SAVE $50 by buying the entire package early!$150 - Includes all 10 talks! (early Bird discount valid through Monday, Feb 05)10 Monday + Wednesday evenings, 6-8pm, March 05 - April 04, 2018
For more detailed info about each lecture, click on "MORE INFO" under each ticket type.
SAVE $25 by buying the entire package!$175 - Includes all 10 talks!10 Monday + Wednesday evenings, 6-8pm, March 05 - April 04, 2018
MARCH 05 - Penn’s Plan and the Founding of the City
John Gallery, Former Executive Director of the Preservation Alliance of Greater Philadelphia, investigates William Penn's plans for the grand city in his colony of Pennsylvania. Did you know that Pennsylvania was given to William Penn by the King of England to pay off a debt to his father? It remains the largest grant of land to an individual in history. Learn how Penn took his inheritance and created plans for a major city that would take over 200 years to match his vision. And learn how Philadelphia's current-day form reflects his philosophical ideals and business plans.
March 07 - From Colonial Capitol to the Athens of America: Georgian, Federal, Greek Revival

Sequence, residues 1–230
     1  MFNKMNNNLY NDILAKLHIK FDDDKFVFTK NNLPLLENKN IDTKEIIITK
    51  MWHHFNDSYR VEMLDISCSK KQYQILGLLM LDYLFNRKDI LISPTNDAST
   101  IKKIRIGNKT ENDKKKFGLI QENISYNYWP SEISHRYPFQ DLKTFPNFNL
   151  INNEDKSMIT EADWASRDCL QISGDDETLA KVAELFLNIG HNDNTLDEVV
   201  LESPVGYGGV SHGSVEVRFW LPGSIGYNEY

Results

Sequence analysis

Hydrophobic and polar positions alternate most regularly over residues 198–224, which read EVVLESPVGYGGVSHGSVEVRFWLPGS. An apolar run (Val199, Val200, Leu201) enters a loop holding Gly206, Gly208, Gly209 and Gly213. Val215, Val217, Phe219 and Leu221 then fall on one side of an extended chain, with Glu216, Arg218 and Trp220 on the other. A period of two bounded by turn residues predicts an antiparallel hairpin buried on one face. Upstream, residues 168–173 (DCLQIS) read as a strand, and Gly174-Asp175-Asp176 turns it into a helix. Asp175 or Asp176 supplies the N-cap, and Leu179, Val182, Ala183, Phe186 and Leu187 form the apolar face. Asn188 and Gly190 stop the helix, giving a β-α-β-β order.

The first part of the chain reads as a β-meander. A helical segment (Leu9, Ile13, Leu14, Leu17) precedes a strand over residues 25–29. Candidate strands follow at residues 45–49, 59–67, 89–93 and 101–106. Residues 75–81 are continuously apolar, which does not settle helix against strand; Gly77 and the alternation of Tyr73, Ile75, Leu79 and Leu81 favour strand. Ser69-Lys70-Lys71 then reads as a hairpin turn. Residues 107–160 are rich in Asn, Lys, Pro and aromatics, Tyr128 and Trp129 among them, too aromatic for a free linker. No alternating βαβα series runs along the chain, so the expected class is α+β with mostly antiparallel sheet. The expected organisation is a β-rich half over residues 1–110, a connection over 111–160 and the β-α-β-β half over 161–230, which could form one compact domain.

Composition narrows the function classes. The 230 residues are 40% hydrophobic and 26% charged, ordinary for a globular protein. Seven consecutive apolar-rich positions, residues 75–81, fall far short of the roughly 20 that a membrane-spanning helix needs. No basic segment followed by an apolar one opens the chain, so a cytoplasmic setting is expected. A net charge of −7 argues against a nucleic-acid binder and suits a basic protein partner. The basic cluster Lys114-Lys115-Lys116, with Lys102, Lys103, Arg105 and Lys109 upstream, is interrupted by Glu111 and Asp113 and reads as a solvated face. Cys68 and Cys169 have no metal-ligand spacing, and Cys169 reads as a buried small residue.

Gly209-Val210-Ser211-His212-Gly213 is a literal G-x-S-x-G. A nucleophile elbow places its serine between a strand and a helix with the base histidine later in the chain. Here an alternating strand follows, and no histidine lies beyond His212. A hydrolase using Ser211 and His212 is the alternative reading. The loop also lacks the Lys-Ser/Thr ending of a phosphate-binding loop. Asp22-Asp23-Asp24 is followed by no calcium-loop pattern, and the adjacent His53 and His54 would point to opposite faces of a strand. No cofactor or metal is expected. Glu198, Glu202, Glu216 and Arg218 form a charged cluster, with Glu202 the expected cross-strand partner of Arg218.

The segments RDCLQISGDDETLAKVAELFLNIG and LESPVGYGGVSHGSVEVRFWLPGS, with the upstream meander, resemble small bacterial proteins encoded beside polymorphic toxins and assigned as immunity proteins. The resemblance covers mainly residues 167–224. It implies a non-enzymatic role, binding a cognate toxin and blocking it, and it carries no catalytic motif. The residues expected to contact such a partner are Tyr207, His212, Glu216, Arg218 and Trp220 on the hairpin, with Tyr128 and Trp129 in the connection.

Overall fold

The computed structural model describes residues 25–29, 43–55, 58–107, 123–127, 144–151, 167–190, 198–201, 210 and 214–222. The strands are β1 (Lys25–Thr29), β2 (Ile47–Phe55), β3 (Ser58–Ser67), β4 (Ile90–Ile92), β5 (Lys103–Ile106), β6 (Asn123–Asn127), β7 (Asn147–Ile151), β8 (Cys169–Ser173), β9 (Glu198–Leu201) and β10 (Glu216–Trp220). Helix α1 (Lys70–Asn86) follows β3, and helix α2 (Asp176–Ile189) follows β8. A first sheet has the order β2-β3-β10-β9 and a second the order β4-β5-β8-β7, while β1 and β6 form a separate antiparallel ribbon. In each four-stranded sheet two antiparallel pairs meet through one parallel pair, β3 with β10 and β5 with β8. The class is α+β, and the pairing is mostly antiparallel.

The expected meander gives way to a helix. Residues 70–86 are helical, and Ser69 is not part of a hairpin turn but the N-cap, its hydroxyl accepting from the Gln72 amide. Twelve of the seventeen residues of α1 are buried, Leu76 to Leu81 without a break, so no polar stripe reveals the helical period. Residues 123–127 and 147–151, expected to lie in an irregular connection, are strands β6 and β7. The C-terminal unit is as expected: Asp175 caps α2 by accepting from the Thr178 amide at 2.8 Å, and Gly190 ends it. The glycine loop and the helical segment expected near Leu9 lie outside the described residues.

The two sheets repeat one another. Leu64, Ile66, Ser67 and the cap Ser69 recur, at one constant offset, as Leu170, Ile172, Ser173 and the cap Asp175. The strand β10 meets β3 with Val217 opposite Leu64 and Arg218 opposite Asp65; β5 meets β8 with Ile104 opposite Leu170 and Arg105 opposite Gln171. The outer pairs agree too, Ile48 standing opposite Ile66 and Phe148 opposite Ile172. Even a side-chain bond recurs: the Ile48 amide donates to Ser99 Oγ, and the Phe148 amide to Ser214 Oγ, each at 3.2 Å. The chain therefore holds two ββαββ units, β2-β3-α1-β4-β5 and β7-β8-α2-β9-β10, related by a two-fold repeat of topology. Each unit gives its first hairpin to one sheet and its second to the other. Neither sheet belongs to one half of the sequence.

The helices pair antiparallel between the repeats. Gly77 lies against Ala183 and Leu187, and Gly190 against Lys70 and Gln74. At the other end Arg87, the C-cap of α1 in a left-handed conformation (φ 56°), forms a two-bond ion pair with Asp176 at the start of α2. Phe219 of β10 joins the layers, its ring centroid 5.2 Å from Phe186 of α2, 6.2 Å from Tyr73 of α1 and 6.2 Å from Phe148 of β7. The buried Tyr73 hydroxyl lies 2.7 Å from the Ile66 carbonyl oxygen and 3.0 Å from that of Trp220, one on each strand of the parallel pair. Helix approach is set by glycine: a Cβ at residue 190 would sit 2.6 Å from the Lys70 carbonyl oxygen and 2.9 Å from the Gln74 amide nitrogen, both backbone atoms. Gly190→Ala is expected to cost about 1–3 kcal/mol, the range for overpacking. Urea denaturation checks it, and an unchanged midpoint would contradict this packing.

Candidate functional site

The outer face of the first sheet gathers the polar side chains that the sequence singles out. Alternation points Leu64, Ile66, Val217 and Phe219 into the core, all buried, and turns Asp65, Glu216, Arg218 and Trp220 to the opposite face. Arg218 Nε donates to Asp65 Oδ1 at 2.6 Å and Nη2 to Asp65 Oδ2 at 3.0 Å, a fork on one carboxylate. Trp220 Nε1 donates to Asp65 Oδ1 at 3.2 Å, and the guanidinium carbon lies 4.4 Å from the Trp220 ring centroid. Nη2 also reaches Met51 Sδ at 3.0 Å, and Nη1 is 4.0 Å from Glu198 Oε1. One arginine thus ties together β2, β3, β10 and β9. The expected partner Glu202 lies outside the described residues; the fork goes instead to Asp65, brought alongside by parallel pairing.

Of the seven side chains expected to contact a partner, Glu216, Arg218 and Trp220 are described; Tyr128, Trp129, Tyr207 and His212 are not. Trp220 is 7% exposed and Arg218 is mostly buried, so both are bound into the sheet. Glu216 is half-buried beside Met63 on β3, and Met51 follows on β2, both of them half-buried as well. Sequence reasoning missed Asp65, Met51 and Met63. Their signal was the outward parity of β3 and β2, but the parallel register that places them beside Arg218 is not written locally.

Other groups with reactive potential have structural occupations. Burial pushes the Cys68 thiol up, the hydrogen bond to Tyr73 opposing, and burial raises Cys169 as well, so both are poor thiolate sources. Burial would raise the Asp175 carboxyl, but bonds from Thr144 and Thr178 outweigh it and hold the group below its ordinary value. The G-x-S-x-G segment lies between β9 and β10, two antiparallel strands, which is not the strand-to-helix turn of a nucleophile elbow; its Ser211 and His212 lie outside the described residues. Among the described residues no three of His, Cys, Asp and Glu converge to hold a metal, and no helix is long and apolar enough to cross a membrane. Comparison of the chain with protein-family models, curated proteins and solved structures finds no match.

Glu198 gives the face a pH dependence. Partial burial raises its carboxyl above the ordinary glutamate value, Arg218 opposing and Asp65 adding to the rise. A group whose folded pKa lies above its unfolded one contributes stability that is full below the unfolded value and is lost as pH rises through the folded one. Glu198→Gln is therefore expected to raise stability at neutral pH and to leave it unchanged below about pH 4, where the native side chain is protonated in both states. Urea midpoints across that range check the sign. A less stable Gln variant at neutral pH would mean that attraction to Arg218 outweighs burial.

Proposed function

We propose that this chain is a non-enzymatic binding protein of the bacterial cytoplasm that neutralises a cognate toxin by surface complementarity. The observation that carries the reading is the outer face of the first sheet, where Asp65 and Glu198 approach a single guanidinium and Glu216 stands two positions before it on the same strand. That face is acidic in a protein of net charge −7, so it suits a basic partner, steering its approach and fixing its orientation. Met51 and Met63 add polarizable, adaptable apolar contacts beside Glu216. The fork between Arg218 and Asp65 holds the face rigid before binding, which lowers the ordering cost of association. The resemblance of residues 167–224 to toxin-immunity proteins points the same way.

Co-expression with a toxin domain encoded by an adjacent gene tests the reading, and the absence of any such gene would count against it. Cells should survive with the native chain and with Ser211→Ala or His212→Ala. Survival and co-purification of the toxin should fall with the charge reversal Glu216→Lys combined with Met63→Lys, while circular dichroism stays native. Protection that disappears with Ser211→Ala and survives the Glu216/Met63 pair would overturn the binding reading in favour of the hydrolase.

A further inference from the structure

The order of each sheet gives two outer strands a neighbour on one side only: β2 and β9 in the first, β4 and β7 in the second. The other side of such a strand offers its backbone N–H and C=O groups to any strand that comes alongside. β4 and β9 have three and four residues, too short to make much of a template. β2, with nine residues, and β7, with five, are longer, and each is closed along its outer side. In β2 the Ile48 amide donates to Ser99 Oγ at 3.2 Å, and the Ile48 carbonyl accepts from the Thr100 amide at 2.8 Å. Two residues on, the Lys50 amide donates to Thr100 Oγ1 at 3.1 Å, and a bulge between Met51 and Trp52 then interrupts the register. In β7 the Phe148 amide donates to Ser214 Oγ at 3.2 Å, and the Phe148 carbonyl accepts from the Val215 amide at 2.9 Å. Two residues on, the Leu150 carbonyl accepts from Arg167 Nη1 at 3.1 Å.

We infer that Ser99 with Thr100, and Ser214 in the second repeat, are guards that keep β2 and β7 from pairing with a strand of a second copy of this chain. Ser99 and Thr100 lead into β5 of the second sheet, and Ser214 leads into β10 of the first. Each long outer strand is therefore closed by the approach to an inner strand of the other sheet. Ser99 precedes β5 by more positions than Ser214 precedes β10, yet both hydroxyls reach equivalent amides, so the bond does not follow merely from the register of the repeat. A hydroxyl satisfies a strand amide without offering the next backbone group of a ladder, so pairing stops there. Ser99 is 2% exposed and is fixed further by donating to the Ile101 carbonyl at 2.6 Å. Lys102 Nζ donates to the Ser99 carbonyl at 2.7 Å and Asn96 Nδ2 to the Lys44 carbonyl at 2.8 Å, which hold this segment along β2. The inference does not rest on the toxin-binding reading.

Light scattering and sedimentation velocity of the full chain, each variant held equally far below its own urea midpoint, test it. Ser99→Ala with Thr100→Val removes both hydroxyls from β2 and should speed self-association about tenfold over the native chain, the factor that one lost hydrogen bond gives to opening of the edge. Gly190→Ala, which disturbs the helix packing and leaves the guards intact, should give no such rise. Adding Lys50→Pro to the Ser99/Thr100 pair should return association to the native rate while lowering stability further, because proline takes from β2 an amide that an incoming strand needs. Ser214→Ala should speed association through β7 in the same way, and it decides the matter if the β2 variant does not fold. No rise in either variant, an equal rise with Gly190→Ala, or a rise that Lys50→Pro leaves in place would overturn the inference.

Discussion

Richard Webster, PhD, and Professor Emeritus at West Chester University presents a survey of the classic architectural styles of early Philadelphia, including Georgian, Federal, and Greek Revival. Explore how these styles, typically all called "Colonial" by the layperson, differ from each other and how their influence can be found in classical Greece and Rome.
MARCH 12 - Romantic Philadelphia: Eclecticism of Style
Richard Webster, PhD, and Professor Emeritus at West Chester University explores the architectural styles of Philadelphia that were popular after the "colonial" era, but before the Victorian era. In this talk Webster presents the eclectic mix of styles, often intermixed in one building, that make up this fascinating period of Philadelphia's architectural history. A must-see lecture for those interested in Philadelphia's unique, older buildings.
MARCH 14 - The Hidden City: Archaeology of Philadelphia
Rebecca Yamin, PhD, takes us on a trip down Alice's rabbit hole - digging underneath parking lots, National Park sites, and demolished buildings, she uncovers Philadelphia hidden past through fragments and trash left by our predecessors. Recent sites covered during her talk include the President's house in Independence Mall, Revolutionary camp sites in Valley Forge, and workers' houses where the Pennsylvania Convention Center now stands.
MARCH 19 - Immigration to the City
Join Caroline Golab, PhD at Thomas Jefferson University, for this insightful talk about Philadelphia's various populations and how, why, and when they made their way to Philadelphia - and what they did once they arrived here. From early Swedish and German settlers to Italian and Irish immigrants, to modern-day influxes from Mexico and South-East Asia, this lecture explores who Philadelphia is and how the various waves of immigration have and continue to shape its citizenry.